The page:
Hamilton CAS is committed to supporting you and your children safely in the community by building partnerships with you, your family members, important people in your lives, and the local community. Our priority is to advocate and access the support you need and build on the individual strengths of each family. We recognize that we have not always provided service in the way that works best for you and have been working hard to build upon and develop an approach that is focused on engagement. We recognize that this is a journey but also know that this is the right way to do this work. We appreciate that we cannot support families without engaging and listening to you, children and youth and the community. Our commitment is to work in partnership to identify what is going well, where there might be some worries and then develop plans to address the worries. We look forward to our work together as a community in the coming year.
Devon and his family’s involvement with the Children’s Aid Society of Hamilton and numerous community mental health services is extensive and complex. Devon was raised by his grandmother Pamela Freeman. Ms. Freeman did her very best, and for years advocated for, and participated in, services to get Devon help, specifically access to mental health services. No child or youth should have to come under the care of a children’s aid society to get the mental health support they need.
In October 2017, Devon, who was a crown ward (now Extended Society Care), left Lynwood Charlton Center- Flamborough Program, a non-secure youth mental health facility, where he was residing. In April of 2018 Devon’s body was found on the property of the facility and an autopsy report confirmed that Devon had died by suicide.
In 2020, the coroner called an inquest into Devon’s death. Hamilton CAS worked together with Devon’s family, the Chippewas of Georgina Island First Nation, and partners in the community to help identify and implement recommendations that would reduce the risk of a tragedy like Devon’s death from happening again.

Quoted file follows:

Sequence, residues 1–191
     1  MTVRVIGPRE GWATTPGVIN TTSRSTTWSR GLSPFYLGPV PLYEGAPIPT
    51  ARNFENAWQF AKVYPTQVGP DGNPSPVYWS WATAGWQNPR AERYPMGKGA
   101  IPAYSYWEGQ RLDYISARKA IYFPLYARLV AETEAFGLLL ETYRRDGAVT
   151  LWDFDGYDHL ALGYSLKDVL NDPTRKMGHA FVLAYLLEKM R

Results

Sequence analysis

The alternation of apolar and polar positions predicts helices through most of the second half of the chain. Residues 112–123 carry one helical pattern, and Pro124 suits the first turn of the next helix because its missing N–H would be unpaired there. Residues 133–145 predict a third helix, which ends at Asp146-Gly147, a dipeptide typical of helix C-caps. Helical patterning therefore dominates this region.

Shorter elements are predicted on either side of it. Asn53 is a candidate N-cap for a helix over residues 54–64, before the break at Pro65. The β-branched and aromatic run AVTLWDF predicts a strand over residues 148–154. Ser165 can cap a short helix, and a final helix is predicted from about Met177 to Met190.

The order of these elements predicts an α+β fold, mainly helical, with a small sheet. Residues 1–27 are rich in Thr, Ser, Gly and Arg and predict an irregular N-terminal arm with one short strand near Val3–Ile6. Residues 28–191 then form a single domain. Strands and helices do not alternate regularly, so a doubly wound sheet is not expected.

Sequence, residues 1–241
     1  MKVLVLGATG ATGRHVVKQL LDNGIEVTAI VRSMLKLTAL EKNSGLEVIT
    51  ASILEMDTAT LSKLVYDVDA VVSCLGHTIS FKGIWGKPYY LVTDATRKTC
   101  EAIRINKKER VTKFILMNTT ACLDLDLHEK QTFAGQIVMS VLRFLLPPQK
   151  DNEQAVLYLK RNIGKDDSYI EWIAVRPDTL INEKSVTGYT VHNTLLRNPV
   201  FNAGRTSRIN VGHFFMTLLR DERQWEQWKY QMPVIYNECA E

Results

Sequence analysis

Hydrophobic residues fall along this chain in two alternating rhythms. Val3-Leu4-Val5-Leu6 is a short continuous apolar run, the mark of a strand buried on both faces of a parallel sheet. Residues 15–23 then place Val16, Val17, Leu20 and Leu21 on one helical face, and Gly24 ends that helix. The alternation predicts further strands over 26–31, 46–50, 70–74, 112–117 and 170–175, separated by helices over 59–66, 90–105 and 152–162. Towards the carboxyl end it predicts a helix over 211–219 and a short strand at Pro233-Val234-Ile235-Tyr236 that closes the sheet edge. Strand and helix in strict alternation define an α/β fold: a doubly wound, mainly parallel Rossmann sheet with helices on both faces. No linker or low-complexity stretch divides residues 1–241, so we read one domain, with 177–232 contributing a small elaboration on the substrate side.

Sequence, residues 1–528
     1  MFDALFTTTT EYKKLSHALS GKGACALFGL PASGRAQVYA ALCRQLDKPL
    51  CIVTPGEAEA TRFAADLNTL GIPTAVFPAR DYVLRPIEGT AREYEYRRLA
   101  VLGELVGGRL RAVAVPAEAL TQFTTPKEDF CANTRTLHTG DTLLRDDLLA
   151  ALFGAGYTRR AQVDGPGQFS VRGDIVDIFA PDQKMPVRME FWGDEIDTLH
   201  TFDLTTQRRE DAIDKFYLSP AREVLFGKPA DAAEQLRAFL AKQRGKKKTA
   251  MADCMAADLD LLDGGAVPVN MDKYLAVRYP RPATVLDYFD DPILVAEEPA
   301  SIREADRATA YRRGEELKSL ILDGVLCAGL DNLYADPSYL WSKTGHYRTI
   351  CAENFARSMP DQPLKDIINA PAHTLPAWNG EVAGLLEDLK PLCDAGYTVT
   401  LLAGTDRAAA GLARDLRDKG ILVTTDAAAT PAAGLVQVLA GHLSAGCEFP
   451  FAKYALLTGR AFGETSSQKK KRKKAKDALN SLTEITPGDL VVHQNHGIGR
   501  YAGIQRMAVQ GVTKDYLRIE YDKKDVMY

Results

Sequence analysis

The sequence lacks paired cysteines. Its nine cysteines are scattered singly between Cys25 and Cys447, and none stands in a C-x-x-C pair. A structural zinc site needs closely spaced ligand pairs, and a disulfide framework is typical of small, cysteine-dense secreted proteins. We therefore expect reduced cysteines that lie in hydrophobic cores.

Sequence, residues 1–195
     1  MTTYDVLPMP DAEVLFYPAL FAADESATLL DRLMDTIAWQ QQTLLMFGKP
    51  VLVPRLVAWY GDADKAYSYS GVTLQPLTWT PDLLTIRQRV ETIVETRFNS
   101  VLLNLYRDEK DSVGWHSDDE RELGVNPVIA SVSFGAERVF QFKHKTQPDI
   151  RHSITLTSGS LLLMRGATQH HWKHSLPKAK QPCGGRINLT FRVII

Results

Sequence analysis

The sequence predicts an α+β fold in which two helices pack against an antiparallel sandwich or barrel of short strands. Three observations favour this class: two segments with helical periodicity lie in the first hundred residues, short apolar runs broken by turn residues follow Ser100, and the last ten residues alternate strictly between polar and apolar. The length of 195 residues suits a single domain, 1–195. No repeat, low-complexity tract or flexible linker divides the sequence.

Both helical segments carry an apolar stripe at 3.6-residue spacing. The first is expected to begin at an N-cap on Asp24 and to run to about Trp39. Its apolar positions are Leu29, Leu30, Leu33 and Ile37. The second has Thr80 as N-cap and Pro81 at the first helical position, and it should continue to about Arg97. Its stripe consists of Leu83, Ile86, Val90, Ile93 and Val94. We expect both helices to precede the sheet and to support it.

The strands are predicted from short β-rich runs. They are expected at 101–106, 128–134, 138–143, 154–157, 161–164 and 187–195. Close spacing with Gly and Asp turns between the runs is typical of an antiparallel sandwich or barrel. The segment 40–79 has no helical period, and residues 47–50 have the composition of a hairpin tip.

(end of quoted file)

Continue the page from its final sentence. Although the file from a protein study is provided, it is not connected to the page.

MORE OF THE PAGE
Learning from the inquest process
Devon’s passing was a terrible loss and Hamilton CAS acknowledges that the system failed Devon, his grandmother Pamela Freeman and his community, the Band of Chippewas of Georgina Island First Nation. We are truly sorry. As an agency we could have done better. Devon has taught us many lessons and will continue to teach us for years to come.
The role of Children’s Aid Societies is to help families and children by connecting families to communities and community services at the right time. Families who need help are best supported in their own homes through early assistance and prevention programs. With the proper funding of community services and early help initiatives, families like Devon’s would have been able to receive timely supports resulting in reduced need for child protection services.
We listened and learned from the inquest process. Through the inquest it was outlined that there were communication gaps, issues with the transfer of files and information between organizations and workers, and a failure to engage Devon’s band. Since his death, significant changes have been made at Hamilton CAS in areas such as training, agency service and communication and partnerships to reduce the risk of a tragedy like this from happening again. Some key changes include mandatory training on Truth and Reconciliation and the harm child welfare has had on Indigenous families, the creation of an Indigenous Team, face to face transfer interviews, and file reviews for all Indigenous youth in care.
Together with Indigenous service agencies in Hamilton, the development of the Indigenous Child Welfare collaboration agreement, the development of a protocol for Youth with Complex Suicide Needs, working collaboratively with Indigenous partners on programing, and funding a position at Hamilton Regional Indian Centre to support system navigation and service provision have also occurred. The agency will continue to learn, develop relationships with our first nations communities, and continue to change our work to better serve Indigenous families in our community.